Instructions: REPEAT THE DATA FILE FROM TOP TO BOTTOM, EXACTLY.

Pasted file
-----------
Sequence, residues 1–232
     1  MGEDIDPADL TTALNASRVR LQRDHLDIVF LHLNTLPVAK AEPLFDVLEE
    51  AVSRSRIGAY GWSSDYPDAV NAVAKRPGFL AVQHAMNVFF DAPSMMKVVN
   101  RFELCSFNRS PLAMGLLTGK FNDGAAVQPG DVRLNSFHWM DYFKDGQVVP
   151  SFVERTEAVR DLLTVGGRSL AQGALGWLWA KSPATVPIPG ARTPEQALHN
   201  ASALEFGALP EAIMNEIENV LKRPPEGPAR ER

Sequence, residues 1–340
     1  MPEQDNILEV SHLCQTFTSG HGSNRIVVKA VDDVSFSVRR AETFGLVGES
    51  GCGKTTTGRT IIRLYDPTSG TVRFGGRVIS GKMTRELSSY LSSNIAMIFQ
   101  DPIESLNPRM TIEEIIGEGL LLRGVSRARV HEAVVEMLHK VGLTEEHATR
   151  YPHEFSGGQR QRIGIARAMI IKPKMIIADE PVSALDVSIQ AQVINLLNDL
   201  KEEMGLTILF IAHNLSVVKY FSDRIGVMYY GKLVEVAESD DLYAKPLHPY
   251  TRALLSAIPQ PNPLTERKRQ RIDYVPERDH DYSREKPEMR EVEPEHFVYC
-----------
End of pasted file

Sequence, residues 1–232
     1  MGEDIDPADL TTALNASRVR LQRDHLDIVF LHLNTLPVAK AEPLFDVLEE
    51  AVSRSRIGAY GWSSDYPDAV NAVAKRPGFL AVQHAMNVFF DAPSMMKVVN
   101  RFELCSFNRS PLAMGLLTGK FNDGAAVQPG DVRLNSFHWM DYFKDGQVVP
   151  SFVERTEAVR DLLTVGGRSL AQGALGWLWA KSPATVPIPG ARTPEQALHN
   201  ASALEFGALP EAIMNEIENV LKRPPEGPAR ER

Sequence, residues 1–340
     1  MPEQDNILEV SHLCQTFTSG HGSNRIVVKA VDDVSFSVRR AETFGLVGES
    51  GCGKTTTGRT IIRLYDPTSG TVRFGGRVIS GKMTRELSSY LSSNIAMIFQ
   101  DPIESLNPRM TIEEIIGEGL LLRGVSRARV HEAVVEMLHK VGLTEEHATR
   151  YPHEFSGGQR QRIGIARAMI IKPKMIIADE PVSALDVSIQ AQVINLLNDL
   201  KEEMGLTILF IAHNLSVVKY FSDRIGVMYY GKLVEVAESD DLYAKPLHPY
   251  TRALLSAIPQ PNPLTERKRQ RIDYVPERDH DYSREKPEMR EVEPEHFVYC